There must be something about getting cut from a basketball team as a youth. Look what happened to Michael Jordan. He became arguably the greatest basketball player to live. Roswell’s Gary Jackson didn’t become the greatest player to ever play basketball, but he used getting cut from Mountain View as a seventh-grader to become the No. 2 scorer in Roswell’s basketball history with 1,641 points.
Not bad when you consider Jackson used the rough and tough games at Calhoun Park and New Mexico Military Institute to hone his skills. Those tough games turned a lump of coal into a diamond. Jackson used those games to get a basketball scholarship to New Mexico State and play professional basketball in Mexico. He also played for two Hall of Fame coaches in Roswell’s Britt Cooper and New Mexico State Aggies coach Lou Henson.
There were two incidents that stuck with Jackson. The first, Jackson remembers Cooper talking to him as a freshman in the parking lot at the high school. Cooper looked at his big frame and his size 14 shoes and told him, if he was any kind of a worker, he’d make him a player.
The second incident was during practice as a freshman, Jackson was going through the motions. Cooper called him over during a water break and told him he had the skills and game to go to college and play basketball while getting an education.
“After Cooper told me that,” Jackson said, “I flipped a switch and lived in the gym. All of my workouts had a purpose. When I was tired in practice, I would find my spot and practice how I would do it in a game. I prepared to play hard in games.”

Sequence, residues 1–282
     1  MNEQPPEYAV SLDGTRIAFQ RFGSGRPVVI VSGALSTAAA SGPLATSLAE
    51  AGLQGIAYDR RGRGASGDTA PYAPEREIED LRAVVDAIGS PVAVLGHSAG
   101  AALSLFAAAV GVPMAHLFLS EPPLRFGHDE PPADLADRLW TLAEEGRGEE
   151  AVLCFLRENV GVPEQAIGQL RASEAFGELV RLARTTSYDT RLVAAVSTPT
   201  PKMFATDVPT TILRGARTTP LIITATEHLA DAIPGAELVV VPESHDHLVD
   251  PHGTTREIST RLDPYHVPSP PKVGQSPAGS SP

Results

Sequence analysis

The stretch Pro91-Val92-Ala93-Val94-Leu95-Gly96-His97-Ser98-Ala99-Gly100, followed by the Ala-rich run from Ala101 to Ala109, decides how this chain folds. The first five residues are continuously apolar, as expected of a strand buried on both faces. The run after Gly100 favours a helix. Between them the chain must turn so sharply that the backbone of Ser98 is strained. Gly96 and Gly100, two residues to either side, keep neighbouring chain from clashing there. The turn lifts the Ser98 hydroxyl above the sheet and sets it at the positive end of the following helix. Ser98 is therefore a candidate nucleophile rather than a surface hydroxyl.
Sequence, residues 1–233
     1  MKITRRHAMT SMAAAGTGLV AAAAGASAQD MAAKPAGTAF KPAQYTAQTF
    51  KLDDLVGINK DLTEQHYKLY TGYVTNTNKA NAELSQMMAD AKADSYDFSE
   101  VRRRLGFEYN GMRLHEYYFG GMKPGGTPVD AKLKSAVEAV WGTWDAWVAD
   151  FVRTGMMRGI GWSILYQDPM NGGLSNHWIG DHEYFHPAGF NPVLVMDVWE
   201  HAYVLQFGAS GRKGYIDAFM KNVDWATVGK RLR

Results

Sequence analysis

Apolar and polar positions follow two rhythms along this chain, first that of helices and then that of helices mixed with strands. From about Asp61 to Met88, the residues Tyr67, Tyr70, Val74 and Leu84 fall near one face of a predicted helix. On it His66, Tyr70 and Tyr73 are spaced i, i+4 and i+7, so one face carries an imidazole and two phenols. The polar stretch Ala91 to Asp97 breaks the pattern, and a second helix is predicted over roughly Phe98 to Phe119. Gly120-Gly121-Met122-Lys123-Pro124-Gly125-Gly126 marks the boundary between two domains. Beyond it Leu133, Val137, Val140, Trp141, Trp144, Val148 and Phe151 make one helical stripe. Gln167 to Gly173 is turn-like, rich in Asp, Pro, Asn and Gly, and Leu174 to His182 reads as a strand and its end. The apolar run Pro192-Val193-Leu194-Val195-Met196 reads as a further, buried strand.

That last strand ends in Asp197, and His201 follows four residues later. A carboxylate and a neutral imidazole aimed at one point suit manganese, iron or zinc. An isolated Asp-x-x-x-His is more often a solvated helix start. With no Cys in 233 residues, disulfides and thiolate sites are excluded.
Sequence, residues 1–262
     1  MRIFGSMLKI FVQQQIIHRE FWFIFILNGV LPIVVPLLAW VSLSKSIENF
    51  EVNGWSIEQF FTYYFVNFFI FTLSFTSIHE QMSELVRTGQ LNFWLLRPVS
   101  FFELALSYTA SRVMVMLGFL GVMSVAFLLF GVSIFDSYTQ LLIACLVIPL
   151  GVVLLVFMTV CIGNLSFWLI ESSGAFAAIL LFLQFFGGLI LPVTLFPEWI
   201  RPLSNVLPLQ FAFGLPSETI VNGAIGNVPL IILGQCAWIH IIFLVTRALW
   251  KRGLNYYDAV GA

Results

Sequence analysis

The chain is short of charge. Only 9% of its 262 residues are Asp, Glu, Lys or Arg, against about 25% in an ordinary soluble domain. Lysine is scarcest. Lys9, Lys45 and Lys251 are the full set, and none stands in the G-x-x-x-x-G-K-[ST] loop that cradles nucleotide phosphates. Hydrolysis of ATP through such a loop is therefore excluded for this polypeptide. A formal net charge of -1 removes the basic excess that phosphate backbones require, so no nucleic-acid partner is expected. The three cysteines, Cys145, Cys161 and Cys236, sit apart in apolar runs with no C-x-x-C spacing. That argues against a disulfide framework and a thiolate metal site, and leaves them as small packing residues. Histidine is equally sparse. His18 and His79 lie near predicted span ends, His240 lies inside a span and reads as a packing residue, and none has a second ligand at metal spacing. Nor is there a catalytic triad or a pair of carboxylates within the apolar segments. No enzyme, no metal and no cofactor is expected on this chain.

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One of the highlights of Jackson’s high school career was when Roswell beat Hobbs. It was Hobbs coach Ralph Tasker’s last visit to the Coyote Den as a freshman. Jackson was one of a handful of players to start for Cooper as a freshman. In his freshman year, he led Roswell to the district semifinals.
Cooper used Jackson as a post player because Jackson was able to jump out of the building. Cooper remembers Jackson drop-stepping and dunking on players three times a game.
“Gary was a gym rat,” Cooper said. “He was a hard worker and used to be in the gym all of the time. He was an explosive jumper and really solid. He had a nice shooting touch. We had to play him on the blocks because we weren’t that big.”
Cooper still talks about a controversial call in 1998 after the buzzer sounded. Clovis made one of two free throws to knock the Coyotes out of the playoffs in the district semifinals. Back then, only two teams made the playoffs. In his junior season, Roswell went to the state and was beaten by Farmington in the quarterfinals. In his senior year, Roswell was beaten in the state semifinals in 4A by Carlsbad.
Jackson made all-district four consecutive years and was all-state as a sophomore, junior and senior.
“Gary Jackson was as good as anybody,” Cooper said. “If we would have been in a 4A classification in his junior and senior year, we would have won back-to-back state titles. Gary (Jackson) was a great kid. Pound for pound, he might have been the best kid I had, in my opinion. A.J. Peralta was proven and had two state titles under his belt. Larry Ayuso was a natural, probably the most natural kid I had. I wish Ayuso and Jackson were the same age, we would have been hard to handle.”
After his high school career was finished, Jackson enrolled at Cowley College in Arkansas City, Kansas. Jackson played well enough to be recruited by Division I schools. His dream was to come back home and play in New Mexico.